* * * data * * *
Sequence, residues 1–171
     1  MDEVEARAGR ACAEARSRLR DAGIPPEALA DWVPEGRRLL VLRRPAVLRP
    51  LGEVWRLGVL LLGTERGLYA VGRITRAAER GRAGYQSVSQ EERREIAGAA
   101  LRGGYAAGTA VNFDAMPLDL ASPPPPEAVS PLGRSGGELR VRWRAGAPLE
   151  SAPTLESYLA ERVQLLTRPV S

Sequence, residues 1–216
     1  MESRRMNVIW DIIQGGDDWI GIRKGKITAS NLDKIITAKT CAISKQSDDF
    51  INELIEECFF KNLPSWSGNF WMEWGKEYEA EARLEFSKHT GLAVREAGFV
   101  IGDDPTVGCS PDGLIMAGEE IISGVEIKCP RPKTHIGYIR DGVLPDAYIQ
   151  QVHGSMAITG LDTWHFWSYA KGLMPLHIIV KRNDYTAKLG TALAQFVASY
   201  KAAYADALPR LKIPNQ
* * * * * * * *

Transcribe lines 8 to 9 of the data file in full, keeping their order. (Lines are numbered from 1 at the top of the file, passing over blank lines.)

    51  INELIEECFF KNLPSWSGNF WMEWGKEYEA EARLEFSKHT GLAVREAGFV
   101  IGDDPTVGCS PDGLIMAGEE IISGVEIKCP RPKTHIGYIR DGVLPDAYIQ